Quick question on exception handling

This is a discussion on Quick question on exception handling within the C++ Programming forums, part of the General Programming Boards category; If I have this snippet of code in an implementation file: Code: cout << "Please select from one of the ...

  1. #1
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    Quick question on exception handling

    If I have this snippet of code in an implementation file:
    Code:
        cout << "Please select from one of the following destinations (Enter the first letter only):" << endl;
        cout << "(C)hicago" << endl;
        cout << "(N)ew York" << endl;
        cout << "(D)enver" << endl;
        cout << "(O)rlando" << endl;
        cout << "(L)os Angeles" << endl;
        cout << "(R)eturn to Main Menu" << endl;																																				
        cin >> destination;
    //==============Start of Exception handling=====================
        if (destination != "c" || destination != "C" || destination != "n" || destination != "N"
    	|| destination != "d" || destination != "D" || destination != "o" || destination != "O"
    	|| destination != "l" || destination != "L" || destination != "r" || destination != "R")
    	throw str;
        }//==============end of try=============
        catch(string messageStr)
        {
    	cout << messageStr << endl << endl;
    	system("pause");
    	cin.clear();
    	cin.ignore(10,'\n');
        }//==============end of catch=============
        }//==============end of do===============
    
        cout << endl;
    
        if (destination == 'R' || destination == 'r')
            return;
        //==================Class Choice==================
      do
      {
        try
        {
        cout << "Will the customer be traveling First Class or Economy Class?" << endl;
        cout << "(1) First Class" << endl;
        cout << "(2) Economy Class" << endl;
        cin >> reserveType;
    //=================Start of exception handling===================
        if (reserveType != 1 || reserveType != 2)
    	throw str;
        }//==============end of try=============
        catch(string messageStr)
    Can I use "messageStr" again in this next catch?

  2. #2
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    Yes, you can use the variable name messageStr. It's scope is limited to the catch block. However, it will be a completely separate variable with no relationship to the first one.

    Are you doing this to learn exceptions? This code is generally not how you'd want to use them unless you are just trying things for learning purposes.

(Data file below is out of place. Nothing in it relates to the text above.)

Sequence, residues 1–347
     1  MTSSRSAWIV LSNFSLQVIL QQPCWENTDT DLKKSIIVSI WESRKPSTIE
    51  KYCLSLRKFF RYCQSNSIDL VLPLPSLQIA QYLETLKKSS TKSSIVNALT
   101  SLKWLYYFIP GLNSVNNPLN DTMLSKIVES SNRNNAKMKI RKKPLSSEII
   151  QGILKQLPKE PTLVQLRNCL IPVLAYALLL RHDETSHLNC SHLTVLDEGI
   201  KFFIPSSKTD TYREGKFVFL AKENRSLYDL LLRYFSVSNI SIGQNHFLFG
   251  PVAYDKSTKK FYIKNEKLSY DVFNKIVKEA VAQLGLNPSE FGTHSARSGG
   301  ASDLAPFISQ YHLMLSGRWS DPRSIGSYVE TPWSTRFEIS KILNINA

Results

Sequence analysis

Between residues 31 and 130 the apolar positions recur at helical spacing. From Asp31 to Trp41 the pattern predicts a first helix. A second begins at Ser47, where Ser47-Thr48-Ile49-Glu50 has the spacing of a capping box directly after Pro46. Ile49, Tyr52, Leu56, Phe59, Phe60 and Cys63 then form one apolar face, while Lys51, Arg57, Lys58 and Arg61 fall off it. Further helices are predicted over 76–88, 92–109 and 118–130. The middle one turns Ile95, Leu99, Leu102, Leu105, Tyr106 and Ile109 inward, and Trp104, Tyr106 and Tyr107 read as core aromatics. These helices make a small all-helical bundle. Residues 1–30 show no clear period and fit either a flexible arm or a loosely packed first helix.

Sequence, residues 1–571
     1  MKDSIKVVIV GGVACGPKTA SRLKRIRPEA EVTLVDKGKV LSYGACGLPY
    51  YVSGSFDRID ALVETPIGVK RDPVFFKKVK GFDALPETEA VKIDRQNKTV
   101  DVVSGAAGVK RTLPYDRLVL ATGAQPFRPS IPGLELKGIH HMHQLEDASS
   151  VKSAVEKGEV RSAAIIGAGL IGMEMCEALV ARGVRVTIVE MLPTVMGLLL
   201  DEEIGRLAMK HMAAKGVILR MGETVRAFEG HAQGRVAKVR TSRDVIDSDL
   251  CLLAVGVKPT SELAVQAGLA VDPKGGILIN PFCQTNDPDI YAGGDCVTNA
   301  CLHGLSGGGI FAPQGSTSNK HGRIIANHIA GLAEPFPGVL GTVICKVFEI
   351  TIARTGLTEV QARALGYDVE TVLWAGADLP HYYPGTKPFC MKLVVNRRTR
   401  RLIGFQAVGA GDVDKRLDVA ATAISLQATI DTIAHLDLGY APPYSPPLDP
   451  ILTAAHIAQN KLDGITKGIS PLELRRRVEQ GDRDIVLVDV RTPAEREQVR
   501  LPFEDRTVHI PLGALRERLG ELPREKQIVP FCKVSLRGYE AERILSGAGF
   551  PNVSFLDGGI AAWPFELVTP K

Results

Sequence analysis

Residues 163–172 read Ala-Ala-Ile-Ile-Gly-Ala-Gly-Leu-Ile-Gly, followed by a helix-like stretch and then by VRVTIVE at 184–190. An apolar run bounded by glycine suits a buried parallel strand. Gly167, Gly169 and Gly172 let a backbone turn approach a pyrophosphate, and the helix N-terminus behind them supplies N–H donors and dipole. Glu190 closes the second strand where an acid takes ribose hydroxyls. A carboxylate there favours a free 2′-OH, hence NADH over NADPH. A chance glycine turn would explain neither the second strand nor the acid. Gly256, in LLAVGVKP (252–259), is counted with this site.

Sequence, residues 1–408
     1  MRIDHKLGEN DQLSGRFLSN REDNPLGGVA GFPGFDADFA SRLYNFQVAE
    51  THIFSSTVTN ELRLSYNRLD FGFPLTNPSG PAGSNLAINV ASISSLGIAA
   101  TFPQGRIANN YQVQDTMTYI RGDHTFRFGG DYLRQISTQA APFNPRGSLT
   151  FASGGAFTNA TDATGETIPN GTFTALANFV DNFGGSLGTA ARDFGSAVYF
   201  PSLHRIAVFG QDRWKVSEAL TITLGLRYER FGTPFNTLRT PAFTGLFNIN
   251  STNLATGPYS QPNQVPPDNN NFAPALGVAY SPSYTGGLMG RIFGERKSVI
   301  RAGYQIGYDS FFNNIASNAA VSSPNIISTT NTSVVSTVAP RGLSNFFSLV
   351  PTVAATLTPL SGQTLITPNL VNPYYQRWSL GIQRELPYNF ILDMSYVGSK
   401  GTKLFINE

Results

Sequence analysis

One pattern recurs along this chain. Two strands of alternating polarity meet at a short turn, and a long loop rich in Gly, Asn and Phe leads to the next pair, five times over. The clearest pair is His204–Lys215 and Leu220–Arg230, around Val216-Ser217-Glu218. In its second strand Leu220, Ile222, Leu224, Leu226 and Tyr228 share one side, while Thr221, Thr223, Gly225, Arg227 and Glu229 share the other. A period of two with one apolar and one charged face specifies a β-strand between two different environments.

3. #3
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    Smile

    Quote Originally Posted by Daved View Post
    Yes, you can use the variable name messageStr. It's scope is limited to the catch block. However, it will be a completely separate variable with no relationship to the first one.

    Are you doing this to learn exceptions? This code is generally not how you'd want to use them unless you are just trying things for learning purposes.
    Yes, actually I am doing this for a final group project program. I saw the tutorial said that it's useful to create classes for exceptions as they occur, but seeing as we're trying to finish it up by midnight, I'm not going to go into too much more detail on this one. Thanks so much for your help!

  4. #4
    Cat without Hat CornedBee's Avatar
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    Yes, actually I am doing this for a final group project program.
    Er .. .I don't think that's what Daved meant by "learning purposes". But seeing as you've got a few hours left to finish, I suppose it's not a good time to scrap the whole component and start over.
    All the buzzt!
    CornedBee

    "There is not now, nor has there ever been, nor will there ever be, any programming language in which it is the least bit difficult to write bad code."
    - Flon's Law

  5. #5
    Kernel hacker
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    Your code would be noticably easier to read [and write] if your comparisons use "tolower()" or some similar construction when you are looking at the input to see if it's a particular letter.

    --
    Mats
    Compilers can produce warnings - make the compiler programmers happy: Use them!
    Please don't PM me for help - and no, I don't do help over instant messengers.

  6. #6
    Captain Crash brewbuck's Avatar
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    Quote Originally Posted by matsp View Post
    Your code would be noticably easier to read [and write] if your comparisons use "tolower()" or some similar construction when you are looking at the input to see if it's a particular letter.

    --
    Mats
    How about:

    Code:
    if(std::strchr("cndolr", tolower(destination)) == 0)
    {
        throw str;
    }
    Of course, "str" is a weird thing to be throwing...

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